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H. Tracy Hall

Date of birth : 1919-11-20
Date of death : 2008-07-25
Birthplace : Ogden, Utah,U.S.
Nationality : American
Category : Science and Technology
Last modified : 2011-10-03


As a research chemist at General Electric, H. Tracy Hall was assigned to the company's artificial diamond project, seeking to find an affordable diamond for industrial, aerospace, and manufacturing uses. In 1954, using a press of Hall's design exerting pressure of about 1.5 million pounds per square inch at temperatures in excess of 4,800°F, Hall and his team achieved success. Since he was working in a GE lab, the patent was owned by his employer, but as a symbol of its gratitude the company awarded Hall two US savings bonds.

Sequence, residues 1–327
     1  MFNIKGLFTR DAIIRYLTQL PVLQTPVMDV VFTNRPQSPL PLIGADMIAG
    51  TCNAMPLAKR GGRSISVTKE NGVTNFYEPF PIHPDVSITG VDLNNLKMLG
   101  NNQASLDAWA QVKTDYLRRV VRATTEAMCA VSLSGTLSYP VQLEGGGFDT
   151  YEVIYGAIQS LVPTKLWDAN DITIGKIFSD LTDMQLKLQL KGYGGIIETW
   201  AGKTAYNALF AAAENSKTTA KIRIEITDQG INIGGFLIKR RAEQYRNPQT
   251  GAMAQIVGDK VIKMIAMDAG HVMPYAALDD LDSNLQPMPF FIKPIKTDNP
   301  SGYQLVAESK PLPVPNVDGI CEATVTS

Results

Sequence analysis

After leaving GE, Hall entered academia at Brigham Young University, where he developed an even more powerful tetrahedral press in 1957, and a later improved design called the cubic anvil press. In 1966 he founded MegaDiamond, a diamond-manufacturing company that also sells high pressure equipment.

Recognition:

In 1970 he was awarded the Chemical Pioneers Award by the American Institute of Chemists.
In 1972 he was awarded the American Chemical Society Award for Creative Invention: "For being the first to discover a reproducible reaction system for making synthetic diamonds from graphite, and for the concept and design of a super high pressure apparatus which not only made the synthesis possible, but brought about a whole new era of high pressure research."[1][4]
In 1977 he was the recipient of the James C. McGroddy Prize for New Materials from the American Physical Society.
The 1994 Governor's Medal for Science and Technology


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